Smart client and deployment
One of the regular software design discussions I find myself involved in is that of choosing between a rich (or sometimes, less politically correctly, “fat”) applications or a browser applications. Over the past 5 or so years we have seen a change of attitude, brought on my the ubiquity of the web and the pain that has been experienced in trying to deploy and manage traditional Win32 applications.
The good news is that with the advent of .NET, there is a new option – the Smart Client – that combines the ease of deployment of a web application, but with the power and richness of a windows application. Smart clients mean developers no longer have to try to “shoehorn” an app to work in a browser when it really isn’t appropriate. There are a number of articles around that you should check out if you want to learn more – try Smart Client Application Model and the .NET Framework 1.1 as a starting point.
In terms of deployment, the .NET Framework was designed with ‘xcopy’ deployment in mind, but with the caveat that in some cases you want to layer on top of this, to provide you with more power and control. An example of this is Jamie Cool’s Simple Application Updater – this shows how easy it is to automatically update client deployment of applications. Whilst this great for understanding how the technology makes .NET application deployment so easy, the Patterns & Practices team have created an application block that is more suitable for inclusion in real world programs – the Updater Application Block for .NET.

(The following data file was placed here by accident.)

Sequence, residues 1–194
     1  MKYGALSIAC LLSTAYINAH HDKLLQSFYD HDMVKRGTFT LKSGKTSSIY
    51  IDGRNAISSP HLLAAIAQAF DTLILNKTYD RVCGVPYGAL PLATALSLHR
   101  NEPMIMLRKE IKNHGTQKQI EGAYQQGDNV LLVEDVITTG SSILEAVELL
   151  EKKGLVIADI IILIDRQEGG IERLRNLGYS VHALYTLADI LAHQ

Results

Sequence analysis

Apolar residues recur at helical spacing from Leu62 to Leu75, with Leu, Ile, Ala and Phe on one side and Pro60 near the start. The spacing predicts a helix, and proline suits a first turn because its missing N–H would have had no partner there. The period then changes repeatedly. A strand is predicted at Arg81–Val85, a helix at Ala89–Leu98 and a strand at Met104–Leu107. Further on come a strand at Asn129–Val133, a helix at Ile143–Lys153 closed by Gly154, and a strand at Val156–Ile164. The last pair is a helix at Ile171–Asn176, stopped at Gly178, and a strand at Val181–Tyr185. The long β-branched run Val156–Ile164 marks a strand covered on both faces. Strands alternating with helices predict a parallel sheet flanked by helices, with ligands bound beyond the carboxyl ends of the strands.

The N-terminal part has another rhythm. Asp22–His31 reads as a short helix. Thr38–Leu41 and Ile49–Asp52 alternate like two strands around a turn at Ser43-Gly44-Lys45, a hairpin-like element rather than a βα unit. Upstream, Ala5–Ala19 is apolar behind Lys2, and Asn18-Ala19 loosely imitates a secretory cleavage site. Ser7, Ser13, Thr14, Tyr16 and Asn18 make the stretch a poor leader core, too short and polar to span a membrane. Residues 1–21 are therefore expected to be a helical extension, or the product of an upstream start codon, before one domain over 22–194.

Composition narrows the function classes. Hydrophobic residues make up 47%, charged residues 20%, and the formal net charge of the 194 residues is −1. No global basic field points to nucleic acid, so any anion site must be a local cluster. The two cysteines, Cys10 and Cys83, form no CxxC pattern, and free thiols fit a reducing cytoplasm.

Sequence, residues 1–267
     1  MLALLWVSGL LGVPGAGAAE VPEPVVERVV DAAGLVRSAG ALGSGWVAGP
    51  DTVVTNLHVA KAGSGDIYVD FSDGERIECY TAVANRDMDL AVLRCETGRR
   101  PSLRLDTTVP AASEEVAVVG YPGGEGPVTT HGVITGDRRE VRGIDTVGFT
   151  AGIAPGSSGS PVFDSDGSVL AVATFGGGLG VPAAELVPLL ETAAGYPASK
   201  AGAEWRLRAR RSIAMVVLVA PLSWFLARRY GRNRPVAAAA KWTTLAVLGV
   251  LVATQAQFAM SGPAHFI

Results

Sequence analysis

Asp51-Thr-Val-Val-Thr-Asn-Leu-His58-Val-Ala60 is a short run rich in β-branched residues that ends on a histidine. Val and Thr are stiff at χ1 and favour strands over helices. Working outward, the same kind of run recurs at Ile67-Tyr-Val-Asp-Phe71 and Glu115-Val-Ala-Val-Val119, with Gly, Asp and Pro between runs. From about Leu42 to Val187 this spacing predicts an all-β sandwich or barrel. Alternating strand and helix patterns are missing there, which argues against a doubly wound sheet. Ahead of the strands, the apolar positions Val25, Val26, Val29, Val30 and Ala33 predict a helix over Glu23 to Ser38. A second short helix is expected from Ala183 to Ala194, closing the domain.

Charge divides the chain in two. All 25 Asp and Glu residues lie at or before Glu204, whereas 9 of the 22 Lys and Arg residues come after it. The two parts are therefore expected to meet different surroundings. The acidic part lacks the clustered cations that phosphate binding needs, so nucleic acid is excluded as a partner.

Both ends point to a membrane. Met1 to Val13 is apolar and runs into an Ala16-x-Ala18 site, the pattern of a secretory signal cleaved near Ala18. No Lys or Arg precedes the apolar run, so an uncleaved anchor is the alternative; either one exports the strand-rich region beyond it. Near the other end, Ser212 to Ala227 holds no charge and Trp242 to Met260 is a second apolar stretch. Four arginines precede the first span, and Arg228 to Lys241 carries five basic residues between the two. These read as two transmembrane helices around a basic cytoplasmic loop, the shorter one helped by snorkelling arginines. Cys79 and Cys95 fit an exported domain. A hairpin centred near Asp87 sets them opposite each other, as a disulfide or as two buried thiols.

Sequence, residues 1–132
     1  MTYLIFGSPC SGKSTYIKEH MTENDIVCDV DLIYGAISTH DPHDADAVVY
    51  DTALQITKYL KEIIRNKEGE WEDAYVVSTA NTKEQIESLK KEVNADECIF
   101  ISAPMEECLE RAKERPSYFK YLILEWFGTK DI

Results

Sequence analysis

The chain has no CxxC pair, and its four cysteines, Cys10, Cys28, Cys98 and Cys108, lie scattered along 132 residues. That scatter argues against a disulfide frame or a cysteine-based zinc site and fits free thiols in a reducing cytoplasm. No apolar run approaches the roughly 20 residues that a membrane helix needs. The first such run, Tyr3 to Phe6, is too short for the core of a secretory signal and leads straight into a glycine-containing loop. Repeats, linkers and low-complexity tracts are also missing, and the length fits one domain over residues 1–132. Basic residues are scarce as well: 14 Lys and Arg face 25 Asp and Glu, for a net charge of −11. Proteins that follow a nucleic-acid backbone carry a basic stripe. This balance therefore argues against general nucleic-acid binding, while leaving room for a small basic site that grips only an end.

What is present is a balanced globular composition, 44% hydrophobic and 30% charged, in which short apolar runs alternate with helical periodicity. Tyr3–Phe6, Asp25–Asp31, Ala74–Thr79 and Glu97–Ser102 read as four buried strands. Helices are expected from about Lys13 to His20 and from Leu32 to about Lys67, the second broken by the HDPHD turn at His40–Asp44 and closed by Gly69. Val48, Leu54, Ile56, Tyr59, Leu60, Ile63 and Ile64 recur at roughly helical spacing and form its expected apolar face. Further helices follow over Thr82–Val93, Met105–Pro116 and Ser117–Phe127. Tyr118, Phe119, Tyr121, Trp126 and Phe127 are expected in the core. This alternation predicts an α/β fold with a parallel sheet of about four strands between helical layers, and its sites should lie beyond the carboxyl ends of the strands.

Looking ahead, the next version of Visual Studio, codename “Whidbey”, will include a new technology called “ClickOnce” that will simplify client deployment, and works out of the box. This part of Whidbey was announced at the PDC in October 2003, and there is a good technical document that describes this Introducing Client Application Deployment with "ClickOnce"
Check these out, and explore the benefits of building applications with the .NET Windows Forms class libraries without the deployment pains. Also, don't forget Systems Management Server.